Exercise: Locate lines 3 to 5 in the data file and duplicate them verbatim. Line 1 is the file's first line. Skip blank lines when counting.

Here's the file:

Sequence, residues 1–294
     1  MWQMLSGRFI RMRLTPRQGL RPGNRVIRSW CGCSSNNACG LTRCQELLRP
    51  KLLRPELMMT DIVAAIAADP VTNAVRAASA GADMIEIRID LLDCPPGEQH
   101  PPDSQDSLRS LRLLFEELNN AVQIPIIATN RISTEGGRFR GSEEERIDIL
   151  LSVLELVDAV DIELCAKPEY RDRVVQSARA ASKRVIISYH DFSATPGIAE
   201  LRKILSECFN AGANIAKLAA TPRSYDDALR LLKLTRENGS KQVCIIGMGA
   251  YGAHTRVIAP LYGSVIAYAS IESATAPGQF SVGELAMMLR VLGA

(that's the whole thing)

    51  KLLRPELMMT DIVAAIAADP VTNAVRAASA GADMIEIRID LLDCPPGEQH
   101  PPDSQDSLRS LRLLFEELNN AVQIPIIATN RISTEGGRFR GSEEERIDIL
   151  LSVLELVDAV DIELCAKPEY RDRVVQSARA ASKRVIISYH DFSATPGIAE